Friday, February 3, 2012

Review: (Montreal) In Absentia

Paul Hopkins, Jilian Fargay, Jade Hassouné

Who says absence makes the heart grow fonder?
In Absentia at the Centaur Theatre
By Richard Burnett
Hopes were high for Centaur Theatre’s world premiere of In Absentia by Calgary-born Morris Panych, the celebrated playwright and director who has won two Canadian Governor General’s Literary Awards for Drama. 
But rest assured, Panych will not win a third for In Absentia.

It’s somewhat unfair to critique the actors considering the meandering script they had to work with.

This unwieldy and wordy two-hour and 15-minute two-act play stars terrific actor Jillian Fargey as Collette, a woman whose husband (his ghost is ably played by Paul Hopkins) has been abducted while on a business trip to Colombia. A young drifter (played by hot twinkie Jade Hassouné) drifts into Collette’s life as she tries to make sense of her loss with the help of her neighbour Bill (Carlo Mestroni) and her sister Evelyn (Susan Glover).
It’s somewhat unfair to critique the actors considering the meandering script they had to work with. But Fargey alternated between sincere and blasé, Paul Hopkins and Carlo Mestroni acquitted themselves ably, and Hassouné just had to stretch languorously in the first act and flash his six-pack and pink nipples to keep the audience happy. But by the second act even Hassouné started to wear thin.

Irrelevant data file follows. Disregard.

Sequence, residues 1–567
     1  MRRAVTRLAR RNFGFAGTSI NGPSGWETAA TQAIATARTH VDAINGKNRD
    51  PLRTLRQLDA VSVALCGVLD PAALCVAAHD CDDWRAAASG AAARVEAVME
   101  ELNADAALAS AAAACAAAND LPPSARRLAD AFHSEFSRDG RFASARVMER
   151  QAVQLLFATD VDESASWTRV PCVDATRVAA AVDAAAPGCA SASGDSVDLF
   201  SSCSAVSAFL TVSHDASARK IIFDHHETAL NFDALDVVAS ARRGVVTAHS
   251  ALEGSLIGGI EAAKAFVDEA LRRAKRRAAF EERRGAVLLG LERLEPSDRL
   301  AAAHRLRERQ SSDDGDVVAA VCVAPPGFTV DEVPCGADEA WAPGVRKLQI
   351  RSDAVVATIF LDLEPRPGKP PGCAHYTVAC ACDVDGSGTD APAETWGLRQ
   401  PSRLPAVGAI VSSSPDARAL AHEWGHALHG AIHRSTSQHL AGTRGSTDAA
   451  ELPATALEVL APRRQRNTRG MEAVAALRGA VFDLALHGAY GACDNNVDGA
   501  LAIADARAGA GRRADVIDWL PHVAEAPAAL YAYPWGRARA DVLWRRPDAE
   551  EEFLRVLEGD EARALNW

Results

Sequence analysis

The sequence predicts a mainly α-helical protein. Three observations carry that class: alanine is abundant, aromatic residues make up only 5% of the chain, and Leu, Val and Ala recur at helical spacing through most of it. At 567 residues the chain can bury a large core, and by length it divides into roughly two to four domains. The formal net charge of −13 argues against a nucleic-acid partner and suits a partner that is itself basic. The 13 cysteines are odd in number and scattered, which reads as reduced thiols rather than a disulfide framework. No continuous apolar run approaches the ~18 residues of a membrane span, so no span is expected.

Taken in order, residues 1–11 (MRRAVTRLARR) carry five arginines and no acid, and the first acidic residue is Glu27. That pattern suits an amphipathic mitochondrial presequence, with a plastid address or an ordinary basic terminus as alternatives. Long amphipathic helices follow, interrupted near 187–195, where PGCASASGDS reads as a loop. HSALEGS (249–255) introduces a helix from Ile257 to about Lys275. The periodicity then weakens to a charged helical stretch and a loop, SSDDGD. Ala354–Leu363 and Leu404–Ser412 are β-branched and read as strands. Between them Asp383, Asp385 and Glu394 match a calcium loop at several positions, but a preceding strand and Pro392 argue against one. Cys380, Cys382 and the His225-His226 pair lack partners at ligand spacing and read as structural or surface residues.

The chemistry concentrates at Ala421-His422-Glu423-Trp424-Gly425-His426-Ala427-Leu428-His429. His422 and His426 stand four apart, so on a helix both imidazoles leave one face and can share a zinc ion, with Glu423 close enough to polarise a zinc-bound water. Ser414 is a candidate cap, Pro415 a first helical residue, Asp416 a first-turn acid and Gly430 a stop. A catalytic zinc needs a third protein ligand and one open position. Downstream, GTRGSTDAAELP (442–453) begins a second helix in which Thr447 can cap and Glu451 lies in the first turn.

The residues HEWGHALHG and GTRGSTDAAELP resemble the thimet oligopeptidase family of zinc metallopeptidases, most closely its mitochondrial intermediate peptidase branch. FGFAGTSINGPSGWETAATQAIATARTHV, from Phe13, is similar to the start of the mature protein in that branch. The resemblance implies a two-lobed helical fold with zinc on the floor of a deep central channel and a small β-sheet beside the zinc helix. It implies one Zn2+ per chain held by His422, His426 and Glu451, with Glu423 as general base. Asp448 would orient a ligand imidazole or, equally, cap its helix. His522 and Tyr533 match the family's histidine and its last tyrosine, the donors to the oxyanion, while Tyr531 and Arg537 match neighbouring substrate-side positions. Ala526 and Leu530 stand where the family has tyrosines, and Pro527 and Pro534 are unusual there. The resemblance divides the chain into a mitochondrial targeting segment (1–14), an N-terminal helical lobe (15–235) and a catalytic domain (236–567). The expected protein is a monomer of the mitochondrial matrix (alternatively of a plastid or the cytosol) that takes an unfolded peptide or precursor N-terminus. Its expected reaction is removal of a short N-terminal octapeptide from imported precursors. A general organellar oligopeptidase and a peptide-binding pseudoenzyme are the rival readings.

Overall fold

The stand-out performance was really by Susan Glover, whose inflections, expressions and body language reminded me a whole lot of comic actor Joan Cusack. Glover did the impossible and made me care about her unlikeable character, and gave the play it’s only poignant moments and real laughs.
Despite Panych’s unfocused script – the first half should have been trimmed by 20 minutes, and the second half by another 10 minutes – the audience did get to see yet another gorgeous set designed by John C. Dinning (why is this man not working on Broadway?) which was effectively-lit by lighting designer Luc Prairie.
Still, no bell and whistles could save In Absentia. By the time Collette in the second act asks the drifter, “What are you doing here?”, I no longer freakin’ cared.  

In Absentia continues at the Centaur Theatre (453 Rue St. François Xavier) until March 4. Running time: 2 hours 15 minutes. Click here for more info and tickets. 

1 comment:

  1. I beg to differ about Dinning's set.. it was so spectaculary glacial, it worked against the play and the actors....a lot his sets are beautiful to look at, but don't often serve the play or the actors who have to work on them.


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